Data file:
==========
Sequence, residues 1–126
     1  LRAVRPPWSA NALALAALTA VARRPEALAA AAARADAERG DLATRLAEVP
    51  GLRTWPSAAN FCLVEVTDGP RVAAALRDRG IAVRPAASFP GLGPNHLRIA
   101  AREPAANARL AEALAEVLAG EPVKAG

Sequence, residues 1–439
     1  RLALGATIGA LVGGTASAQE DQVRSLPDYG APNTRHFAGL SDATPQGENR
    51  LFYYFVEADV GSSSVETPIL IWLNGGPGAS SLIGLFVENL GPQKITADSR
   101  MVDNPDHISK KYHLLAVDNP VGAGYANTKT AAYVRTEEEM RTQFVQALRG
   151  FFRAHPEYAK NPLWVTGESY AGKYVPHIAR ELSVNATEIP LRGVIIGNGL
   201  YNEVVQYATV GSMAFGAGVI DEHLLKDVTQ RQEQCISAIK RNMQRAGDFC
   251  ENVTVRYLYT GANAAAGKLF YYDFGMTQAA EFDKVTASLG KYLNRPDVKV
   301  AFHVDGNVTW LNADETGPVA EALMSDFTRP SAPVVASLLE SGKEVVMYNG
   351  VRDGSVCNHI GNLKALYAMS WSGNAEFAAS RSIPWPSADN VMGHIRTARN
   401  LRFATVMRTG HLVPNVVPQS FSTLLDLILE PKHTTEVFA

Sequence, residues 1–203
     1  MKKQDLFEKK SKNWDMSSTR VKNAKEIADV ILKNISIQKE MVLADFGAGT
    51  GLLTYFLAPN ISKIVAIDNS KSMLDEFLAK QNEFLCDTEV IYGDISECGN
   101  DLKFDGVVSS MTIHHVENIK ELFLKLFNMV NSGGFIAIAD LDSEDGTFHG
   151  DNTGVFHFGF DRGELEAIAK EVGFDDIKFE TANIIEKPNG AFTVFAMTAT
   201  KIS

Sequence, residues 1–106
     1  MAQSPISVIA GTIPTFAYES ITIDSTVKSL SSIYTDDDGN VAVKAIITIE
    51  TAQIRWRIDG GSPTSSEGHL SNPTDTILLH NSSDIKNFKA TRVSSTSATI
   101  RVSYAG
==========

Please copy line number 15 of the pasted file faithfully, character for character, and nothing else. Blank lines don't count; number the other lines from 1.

Sequence, residues 1–203